S. Akbar Zaidi is a Visiting Professor for 2010 – 2011. He holds a joint appointment with SIPA and the Department of the Middle Eastern, South Asian, and African Studies. His research focuses on development, governance, and political economy in South Asia.

Zaidi taught economics at the University of Karachi from 1983 to 1996 before becoming a visiting scholar at the University of Oxford (1998) and later a research fellow at the University of Pennsylvania’s Institute for the Advanced Study of India in New Delhi (2002–2003).

From 2004 to 2005 he was a visiting professor at SAIS and in 2008 he was a Reagan-Fascell Democracy Fellow at the National Endowment for Democracy. Zaidi’s twelfth book, Military, Civil Society and Democratization in Pakistan, is to be published by Vanguard Press, Lahore in October 2010.

Research & Publications

October 2011|Vanguard Press|Akbar Zaidi

Using a political economy framework, this book examines issues related to the process of democratization, decentralisation, governance and civil society in Pakistan, in an historical and contemporary context. The book highlights social and structural transitions and transformations in economy and society, and shows how the emergence of new socio-economic groups and classes often come up against older and more established structures and institutions, resulting in conflict, contradiction and compromise. It provides a broad historical perspective of such developments, especially during the regime of General Pervez Musharraf (1999-2008). As such it is amongst the few serious evaluations of the political economy of the Musharraf years. A theme which recurs in many of the chapters relates to why there is prolonged military rule in Pakistan and why democracy has been unable to find its footings in Pakistan. An examination of the political process of 2007 leading up to the 2008 general elections and an examination of the role of political actors and of civil society forms an important core theme in this collection.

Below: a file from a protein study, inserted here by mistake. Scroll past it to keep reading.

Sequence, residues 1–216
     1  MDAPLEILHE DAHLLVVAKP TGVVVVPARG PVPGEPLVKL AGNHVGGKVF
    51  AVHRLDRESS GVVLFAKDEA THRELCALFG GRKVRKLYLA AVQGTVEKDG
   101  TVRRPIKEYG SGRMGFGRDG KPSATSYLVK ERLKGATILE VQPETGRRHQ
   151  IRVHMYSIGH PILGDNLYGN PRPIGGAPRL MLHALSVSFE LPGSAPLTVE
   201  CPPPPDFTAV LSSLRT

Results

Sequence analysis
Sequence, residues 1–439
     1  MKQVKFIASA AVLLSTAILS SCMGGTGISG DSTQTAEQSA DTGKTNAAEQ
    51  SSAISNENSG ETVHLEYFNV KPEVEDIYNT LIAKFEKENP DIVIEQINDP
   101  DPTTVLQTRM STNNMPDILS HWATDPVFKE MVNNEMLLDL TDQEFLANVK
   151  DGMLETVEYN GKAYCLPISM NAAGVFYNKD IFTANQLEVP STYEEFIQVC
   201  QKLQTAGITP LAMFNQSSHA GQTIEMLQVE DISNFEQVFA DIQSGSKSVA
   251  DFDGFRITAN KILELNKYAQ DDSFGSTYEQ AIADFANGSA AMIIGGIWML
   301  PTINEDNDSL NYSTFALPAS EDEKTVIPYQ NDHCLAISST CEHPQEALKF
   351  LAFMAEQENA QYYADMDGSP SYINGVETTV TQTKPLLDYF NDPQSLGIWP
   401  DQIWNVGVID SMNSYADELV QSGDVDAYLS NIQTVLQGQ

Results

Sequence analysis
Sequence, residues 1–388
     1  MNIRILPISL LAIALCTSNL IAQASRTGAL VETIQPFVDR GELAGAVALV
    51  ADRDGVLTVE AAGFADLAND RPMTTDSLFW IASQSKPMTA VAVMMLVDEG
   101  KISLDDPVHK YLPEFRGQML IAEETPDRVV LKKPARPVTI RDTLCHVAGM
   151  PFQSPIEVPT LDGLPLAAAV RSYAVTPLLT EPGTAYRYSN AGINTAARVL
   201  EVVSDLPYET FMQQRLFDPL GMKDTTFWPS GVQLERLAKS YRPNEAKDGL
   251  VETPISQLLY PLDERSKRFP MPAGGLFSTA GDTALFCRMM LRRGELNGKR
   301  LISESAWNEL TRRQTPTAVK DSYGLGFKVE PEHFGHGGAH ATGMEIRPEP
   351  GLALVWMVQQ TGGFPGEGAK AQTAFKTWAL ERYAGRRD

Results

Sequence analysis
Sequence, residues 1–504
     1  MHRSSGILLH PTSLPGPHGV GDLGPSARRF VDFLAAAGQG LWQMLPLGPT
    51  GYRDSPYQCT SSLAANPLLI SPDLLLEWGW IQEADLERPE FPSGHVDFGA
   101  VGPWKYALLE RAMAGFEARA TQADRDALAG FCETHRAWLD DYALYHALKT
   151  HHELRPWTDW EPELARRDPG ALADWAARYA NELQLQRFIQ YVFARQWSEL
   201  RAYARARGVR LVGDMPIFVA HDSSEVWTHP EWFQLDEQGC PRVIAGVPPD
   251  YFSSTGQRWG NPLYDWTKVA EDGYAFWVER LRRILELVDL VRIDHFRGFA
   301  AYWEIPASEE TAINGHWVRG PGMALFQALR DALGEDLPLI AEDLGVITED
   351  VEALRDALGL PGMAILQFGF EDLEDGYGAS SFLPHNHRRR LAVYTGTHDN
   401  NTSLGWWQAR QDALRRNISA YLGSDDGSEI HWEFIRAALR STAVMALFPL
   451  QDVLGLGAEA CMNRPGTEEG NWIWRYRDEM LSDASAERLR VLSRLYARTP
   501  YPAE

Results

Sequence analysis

Military, Civil Society and Democratization in Pakistan will interest a wide and diverse set of readers. Those interested in the economic, social and structural transformation of Pakistan’s society will find this book useful in understanding such trends and developments. Those who want to examine more typical and mainstream forms of democratization in a different, more dynamic, framework, looking at processes and how they unfold, will also benefit from this book.